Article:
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  • 1.
    Han, Song
    et al.
    Mälardalen University, School of Sustainable Development of Society and Technology.
    Starfelt, Fredrik
    Mälardalen University, School of Sustainable Development of Society and Technology.
    Daianova, Lilia
    Mälardalen University, School of Sustainable Development of Society and Technology.
    Yan, Jinyue
    Mälardalen University, School of Sustainable Development of Society and Technology.
    Influence of drying process on the biomass-based polygeneration system of bioethanol, power and heat2012In: Applied Energy, ISSN 0306-2619, E-ISSN 1872-9118, Vol. 90, no 1/SI, p. 32-37Article in journal (Refereed)
    Abstract [en]

    One of the by-products from bioethanol production using woody materials is lignin solids, which can be utilized as feedstock for combined heat and power (CHP) production. In this paper, the influence of integrating a drying process into a biomass-based polygeneration system is studied, where the exhaust flue gas is used to dry the lignin solids instead of direct condensation in the flue gas condenser (FGC). The evaporated water vapor from the lignin solids is mixed with the drying medium for consequent condensation. Thus, the exhaust flue gas after the drying still has enough humidity to produce roughly the same amount of condensation heat as direct condensation in the existing configuration. The influence of a drying process and how it interacts with the FGC in CHP production as a part of the  polygeneration system is analyzed and evaluated. If a drying process is integrated with the polygeneration system, overall energyefficiency is only increased by 3.1% for CHP plant, though the power output can be increased by 5.5% compared with the simulated system using only FGC.

  • 2. Leduc, Sylvain
    et al.
    Starfelt, Fredrik
    Mälardalen University, School of Sustainable Development of Society and Technology.
    Dotzauer, Erik
    Mälardalen University, School of Sustainable Development of Society and Technology.
    Kinderman, Georg
    McCallum, Ian
    Obersteiner, Mickael
    Lundgren, Joachim
    Optimal location of lignocellulosic ethanol refineries with polygeneration in Sweden2010In: Energy, ISSN 0360-5442, E-ISSN 1873-6785, Vol. 35, no 6, p. 2709-2716Article in journal (Refereed)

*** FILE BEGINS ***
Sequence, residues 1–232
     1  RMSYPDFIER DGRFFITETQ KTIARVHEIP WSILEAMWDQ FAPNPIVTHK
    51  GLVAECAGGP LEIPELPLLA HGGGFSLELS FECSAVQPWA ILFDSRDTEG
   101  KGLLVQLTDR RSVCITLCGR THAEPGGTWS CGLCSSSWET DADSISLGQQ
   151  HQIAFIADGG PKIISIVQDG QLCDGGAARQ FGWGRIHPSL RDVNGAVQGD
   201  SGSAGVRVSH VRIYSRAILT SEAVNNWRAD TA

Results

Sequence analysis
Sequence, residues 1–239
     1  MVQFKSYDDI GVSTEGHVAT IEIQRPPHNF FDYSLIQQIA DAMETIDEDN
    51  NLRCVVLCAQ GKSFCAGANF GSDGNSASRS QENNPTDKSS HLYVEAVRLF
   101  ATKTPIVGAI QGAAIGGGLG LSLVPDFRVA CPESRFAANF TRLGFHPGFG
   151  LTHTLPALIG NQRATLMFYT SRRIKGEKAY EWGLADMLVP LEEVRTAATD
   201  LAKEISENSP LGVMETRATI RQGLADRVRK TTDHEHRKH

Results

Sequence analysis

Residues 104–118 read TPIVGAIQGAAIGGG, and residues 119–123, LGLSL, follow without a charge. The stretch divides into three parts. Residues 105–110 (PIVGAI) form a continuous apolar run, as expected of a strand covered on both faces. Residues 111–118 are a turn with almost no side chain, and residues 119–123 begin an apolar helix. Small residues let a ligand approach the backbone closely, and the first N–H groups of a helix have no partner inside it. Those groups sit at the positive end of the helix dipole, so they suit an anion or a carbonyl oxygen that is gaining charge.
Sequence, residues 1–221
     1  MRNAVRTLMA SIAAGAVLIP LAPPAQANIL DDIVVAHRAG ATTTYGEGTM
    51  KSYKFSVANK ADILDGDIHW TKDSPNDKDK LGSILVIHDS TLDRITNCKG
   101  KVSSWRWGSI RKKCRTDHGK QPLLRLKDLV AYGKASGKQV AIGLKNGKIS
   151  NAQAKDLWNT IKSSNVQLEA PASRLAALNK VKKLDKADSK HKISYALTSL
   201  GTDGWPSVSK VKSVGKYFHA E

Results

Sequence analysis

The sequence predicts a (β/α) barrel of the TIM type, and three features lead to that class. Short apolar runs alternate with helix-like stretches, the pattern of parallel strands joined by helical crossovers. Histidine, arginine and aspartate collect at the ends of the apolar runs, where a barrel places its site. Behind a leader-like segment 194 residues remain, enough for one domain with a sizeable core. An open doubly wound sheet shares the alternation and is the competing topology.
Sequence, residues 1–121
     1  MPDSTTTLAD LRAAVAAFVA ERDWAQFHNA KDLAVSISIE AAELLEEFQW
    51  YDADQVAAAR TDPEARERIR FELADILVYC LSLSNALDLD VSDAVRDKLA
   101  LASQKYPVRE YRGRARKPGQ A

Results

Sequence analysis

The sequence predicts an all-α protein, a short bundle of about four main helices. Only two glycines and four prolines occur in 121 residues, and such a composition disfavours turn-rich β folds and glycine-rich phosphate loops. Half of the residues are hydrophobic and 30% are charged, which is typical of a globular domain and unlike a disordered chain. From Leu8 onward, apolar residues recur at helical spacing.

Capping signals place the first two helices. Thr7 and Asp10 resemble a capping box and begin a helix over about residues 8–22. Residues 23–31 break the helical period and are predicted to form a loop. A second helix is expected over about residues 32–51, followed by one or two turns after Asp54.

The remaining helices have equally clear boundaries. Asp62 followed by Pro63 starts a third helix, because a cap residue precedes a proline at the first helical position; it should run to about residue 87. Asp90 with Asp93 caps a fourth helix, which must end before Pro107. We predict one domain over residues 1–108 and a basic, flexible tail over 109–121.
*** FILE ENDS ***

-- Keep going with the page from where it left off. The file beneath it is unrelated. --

Abstract [en]

    The integration of ethanol production with combined heat and power plants is considered in this paper. An energy balance process model has been used to generate data for the production of ethanol, electricity, heat and biogas. The geographical position of such plants becomes of importance when using local biomass and delivering transportation fuel and heat. An optimization model has thus been used to determine the optimal locations for such plants in Sweden. The entire energy supply and demand chain from biomass outtake to gas stations filling is included in the optimization. Input parameters have been studied for their influence on both the final ethanol cost and the optimal locations of the plants. The results show that the biomass cost, biomass availability and district heating price are crucial for the positioning of the plant and the ethanol to be competitive against imported ethanol. The optimal location to set up polygeneration plants is demonstrated to be in areas where the biomass cost is competitive and in the vicinity of small to medium size cities. Carbon tax does not influence the ethanol cost, but solicits the production of ethanol in Sweden, and changes thus the geography of the plant locations.

  • 3.
    Lindberg, Carl-Fredrik
    et al.
    Mälardalen University, School of Business, Society and Engineering, Future Energy Center. ABB Corp Res, Västerås, Sweden..
    Tan, SieTing
    Mälardalen University, School of Business, Society and Engineering, Future Energy Center. Univ Teknol Malaysia, Johor, Malaysia.
    Yan, JinYue
    Mälardalen University, School of Business, Society and Engineering, Future Energy Center.
    Starfelt, Fredrik
    Mälardalen University, School of Business, Society and Engineering, Future Energy Center. MälarEnergi, Västerås, Sweden.
    Key performance indicators improve industrial performance2015In: Energy Procedia, ISSN 1876-6102, E-ISSN 1876-6102, Vol. 75, p. 1785-1790Article in journal (Refereed)
    Abstract [en]

    Key Performance Indicators (KPIs) are important for monitoring the performance in the industry. They can be used to identify poor performance and the improvement potential. KPIs can be defined for individual equipment, sub-processes, and whole plants. Different types of performances can be measured by KPIs, for example energy, raw-material, control & operation, maintenance, etc. Benchmarking KPIs with KPIs from similar equipment and plants is one method of identifying poor performing areas and estimating improvement potential. Actions for performance improvements can then be developed, prioritized and implemented based on the KPIs and the benchmarking results. An alternative to benchmarking, which is described in this paper, is to identify the process signals that are strongest correlated with the KPI and then change these process signals in the direction that improves the KPI. This method has been applied to data from a combined heat and power plant and a suggestion are given on how to improve boiler efficiency.